Hales completes world’s longest horse race
Justine Hales, second from right, finished equal third in the Mongol Derby (1000km). Photo: Supplied
Ex-pat Kiwi Justine Hales is celebrating a massive achievement after completing the world’s longest horse race, the Mongol Derby, a race held for charity.
Hales, who currently manages the Cavallino Estate pre-training operation for leading Australian trainer Ciaron Maher, tackled the 1000km event that recreates the horse messenger system developed by Genghis Khan in 1224 for the first time and finished a meritorious equal third behind 70-year-old Wyoming native, Robert Long.
The exact course for the race changes every year and is kept secret until shortly before the race begins. The terrain invariably includes mountain passes, green open valleys, wooded hills, river crossings, wetland and floodplains, sandy semi-arid dunes, rolling hills, dry riverbeds and open steppe.
Riders are provided with access to 25-27 Mongolian horses, a support team, pre-race training, and access to support stations along the way. The horses themselves are semi-wild and riders must change horses every 40km at the support stations.
Riders typically spend 13 to 14 hours a day in the saddle, with the race lasting around ten days with less than half the racers usually finishing the race in any given year.
It was against that backdrop that Hales took on the unique challenge and although she led at one point, a hoof issue with one of her horses towards the end of the race dropped her back before she eventually finished third.
“It was an amazing experience and just great to finish third,” Hales said.
“You can’t really explain what the race is like as being out in the vastness of it all is beyond words.
“The winner had been training for a year and was dedicated to his cause, just an amazing bloke.
“I did have the lead at one stage but my horse stood on a stone and developed a massive stone bruise which had to be taken out.
“He did come right but it cost me time so I ended up camping out with a few of the other riders who I ended up crossing the line with at the finish.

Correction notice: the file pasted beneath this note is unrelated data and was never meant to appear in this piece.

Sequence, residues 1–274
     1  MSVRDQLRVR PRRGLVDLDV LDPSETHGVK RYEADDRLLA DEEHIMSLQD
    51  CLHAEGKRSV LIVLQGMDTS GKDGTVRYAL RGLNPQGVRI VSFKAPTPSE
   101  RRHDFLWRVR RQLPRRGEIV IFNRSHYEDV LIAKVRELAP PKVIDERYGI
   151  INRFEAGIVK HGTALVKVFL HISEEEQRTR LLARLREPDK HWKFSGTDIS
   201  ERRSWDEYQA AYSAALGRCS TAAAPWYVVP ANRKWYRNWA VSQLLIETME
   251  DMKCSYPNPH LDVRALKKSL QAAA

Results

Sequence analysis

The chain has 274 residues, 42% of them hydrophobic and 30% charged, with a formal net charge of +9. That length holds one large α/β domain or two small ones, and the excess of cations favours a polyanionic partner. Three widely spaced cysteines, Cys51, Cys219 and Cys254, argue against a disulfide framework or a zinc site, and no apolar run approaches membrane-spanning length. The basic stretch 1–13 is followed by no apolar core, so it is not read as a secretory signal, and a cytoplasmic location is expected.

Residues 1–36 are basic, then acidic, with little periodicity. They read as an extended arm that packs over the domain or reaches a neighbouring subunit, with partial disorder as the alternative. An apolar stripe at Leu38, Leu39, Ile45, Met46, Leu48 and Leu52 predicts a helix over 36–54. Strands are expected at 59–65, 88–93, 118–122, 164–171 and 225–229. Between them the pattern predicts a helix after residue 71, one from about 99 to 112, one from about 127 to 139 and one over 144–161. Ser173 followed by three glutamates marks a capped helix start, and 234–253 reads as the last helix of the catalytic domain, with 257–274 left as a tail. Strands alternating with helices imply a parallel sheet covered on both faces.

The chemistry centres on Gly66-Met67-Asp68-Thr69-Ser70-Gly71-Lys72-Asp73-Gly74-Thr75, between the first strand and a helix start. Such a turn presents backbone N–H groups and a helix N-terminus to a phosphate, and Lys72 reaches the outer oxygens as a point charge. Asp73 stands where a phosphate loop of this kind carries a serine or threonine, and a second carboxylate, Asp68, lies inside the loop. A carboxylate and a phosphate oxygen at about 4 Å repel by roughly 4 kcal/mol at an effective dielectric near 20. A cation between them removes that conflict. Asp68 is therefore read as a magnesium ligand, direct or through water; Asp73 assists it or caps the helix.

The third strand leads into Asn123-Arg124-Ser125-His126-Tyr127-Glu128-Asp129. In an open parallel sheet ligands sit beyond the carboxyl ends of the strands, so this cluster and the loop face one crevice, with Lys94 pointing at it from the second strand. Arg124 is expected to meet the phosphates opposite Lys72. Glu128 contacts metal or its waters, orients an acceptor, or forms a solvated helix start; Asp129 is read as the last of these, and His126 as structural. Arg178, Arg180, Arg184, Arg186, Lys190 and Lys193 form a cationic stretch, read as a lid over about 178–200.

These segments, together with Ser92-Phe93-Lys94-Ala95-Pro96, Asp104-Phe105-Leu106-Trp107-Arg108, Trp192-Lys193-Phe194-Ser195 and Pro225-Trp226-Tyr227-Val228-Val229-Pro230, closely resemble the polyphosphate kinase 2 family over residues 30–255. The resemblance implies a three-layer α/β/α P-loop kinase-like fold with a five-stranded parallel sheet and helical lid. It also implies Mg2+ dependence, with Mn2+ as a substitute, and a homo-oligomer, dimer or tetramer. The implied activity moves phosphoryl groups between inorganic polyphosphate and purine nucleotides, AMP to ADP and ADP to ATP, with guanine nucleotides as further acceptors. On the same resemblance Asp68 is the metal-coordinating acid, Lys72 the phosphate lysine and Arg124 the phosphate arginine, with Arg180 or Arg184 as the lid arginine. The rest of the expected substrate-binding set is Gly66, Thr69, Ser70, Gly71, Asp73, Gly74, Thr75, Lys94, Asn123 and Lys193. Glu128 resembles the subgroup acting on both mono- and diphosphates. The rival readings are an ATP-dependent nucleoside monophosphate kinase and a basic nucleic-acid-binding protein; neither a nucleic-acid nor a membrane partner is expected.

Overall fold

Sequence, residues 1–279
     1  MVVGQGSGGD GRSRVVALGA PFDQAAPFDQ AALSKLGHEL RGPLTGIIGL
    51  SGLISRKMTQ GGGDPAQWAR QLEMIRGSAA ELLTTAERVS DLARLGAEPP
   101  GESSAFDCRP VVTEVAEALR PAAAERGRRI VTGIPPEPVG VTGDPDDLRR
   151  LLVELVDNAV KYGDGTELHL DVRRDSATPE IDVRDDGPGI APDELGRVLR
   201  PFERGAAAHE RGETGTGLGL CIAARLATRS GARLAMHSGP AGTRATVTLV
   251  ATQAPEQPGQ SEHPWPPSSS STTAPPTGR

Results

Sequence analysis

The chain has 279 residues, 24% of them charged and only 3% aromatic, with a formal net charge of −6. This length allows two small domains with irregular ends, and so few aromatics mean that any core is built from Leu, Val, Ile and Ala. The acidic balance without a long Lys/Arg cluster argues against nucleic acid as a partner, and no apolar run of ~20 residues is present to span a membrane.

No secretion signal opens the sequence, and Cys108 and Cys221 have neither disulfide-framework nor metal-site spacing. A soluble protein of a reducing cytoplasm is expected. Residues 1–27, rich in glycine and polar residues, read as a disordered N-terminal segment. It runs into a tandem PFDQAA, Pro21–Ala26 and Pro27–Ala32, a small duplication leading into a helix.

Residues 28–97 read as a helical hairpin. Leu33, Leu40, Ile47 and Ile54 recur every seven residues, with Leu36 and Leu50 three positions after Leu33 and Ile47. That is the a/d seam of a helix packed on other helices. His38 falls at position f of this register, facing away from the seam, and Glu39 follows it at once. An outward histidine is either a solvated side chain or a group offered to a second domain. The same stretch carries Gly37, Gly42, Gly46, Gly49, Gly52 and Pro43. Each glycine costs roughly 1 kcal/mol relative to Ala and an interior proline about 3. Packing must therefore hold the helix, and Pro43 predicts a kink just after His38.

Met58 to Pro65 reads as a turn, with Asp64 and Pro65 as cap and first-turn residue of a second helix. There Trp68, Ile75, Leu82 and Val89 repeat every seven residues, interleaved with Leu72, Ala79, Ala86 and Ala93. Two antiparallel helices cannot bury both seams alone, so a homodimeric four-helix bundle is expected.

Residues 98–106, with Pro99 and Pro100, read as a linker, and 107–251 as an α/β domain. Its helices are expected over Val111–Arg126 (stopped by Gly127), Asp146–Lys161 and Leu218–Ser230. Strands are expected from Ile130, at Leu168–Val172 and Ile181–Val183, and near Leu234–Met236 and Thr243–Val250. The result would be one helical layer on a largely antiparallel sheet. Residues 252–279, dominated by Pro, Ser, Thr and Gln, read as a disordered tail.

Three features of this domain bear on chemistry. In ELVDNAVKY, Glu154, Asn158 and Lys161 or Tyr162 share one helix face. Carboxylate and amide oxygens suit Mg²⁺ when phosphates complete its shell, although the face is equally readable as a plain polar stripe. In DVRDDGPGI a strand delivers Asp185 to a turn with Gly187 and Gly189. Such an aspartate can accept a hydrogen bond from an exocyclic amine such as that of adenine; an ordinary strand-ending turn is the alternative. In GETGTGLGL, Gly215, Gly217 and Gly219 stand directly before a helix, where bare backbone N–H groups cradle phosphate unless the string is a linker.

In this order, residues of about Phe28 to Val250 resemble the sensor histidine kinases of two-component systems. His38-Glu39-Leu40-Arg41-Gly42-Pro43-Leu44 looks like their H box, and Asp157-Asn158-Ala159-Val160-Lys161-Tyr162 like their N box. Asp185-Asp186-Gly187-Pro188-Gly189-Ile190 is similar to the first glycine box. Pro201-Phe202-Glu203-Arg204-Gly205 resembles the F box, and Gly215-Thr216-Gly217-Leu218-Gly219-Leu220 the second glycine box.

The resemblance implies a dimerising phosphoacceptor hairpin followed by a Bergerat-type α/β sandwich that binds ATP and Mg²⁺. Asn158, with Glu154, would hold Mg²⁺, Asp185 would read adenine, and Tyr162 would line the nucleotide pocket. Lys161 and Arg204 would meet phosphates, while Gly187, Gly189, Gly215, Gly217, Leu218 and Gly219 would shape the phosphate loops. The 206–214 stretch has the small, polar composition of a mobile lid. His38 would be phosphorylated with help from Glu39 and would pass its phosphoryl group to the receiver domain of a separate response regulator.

“There were a lot of people who dropped out early on, so just to finish was pretty cool, although it still hasn’t sunk in that we rode 1000km.”
Hales reported that she was in good physical condition despite the gruelling conditions that were experienced.
“I’m alright actually, with the worst part probably having chapped lips,” she said.
“I didn’t get any chafing and my knees held up but it will be interesting to see when I jump on the scales.
“I was pretty fit as I had done a lot of work before the event.
“It is different for everyone in what you go through but thankfully the horses were very good and not really like some of the horror stories they like to tell you beforehand.
“There were a few hairy moments but I think with the number of horses there are, it was okay.”
Hales was adamant that a repeat attempt at the race was out of the question.
“No way,” she said.
“I’ve done it now and that’s it.
“I would come back to Mongolia though as the countryside is absolutely spectacular and every day you seem to be going through a different country.
“I would recommend it (the race) to people but I won’t be doing it again.”
Hales had her gall bladder removed just weeks before leaving Australia, making her feat even more meritorious.
Originally from Dannevirke, Hales has recently resigned from her role with Maher and Eustace and will take up a position with Rockmount pre-training facility when she returns.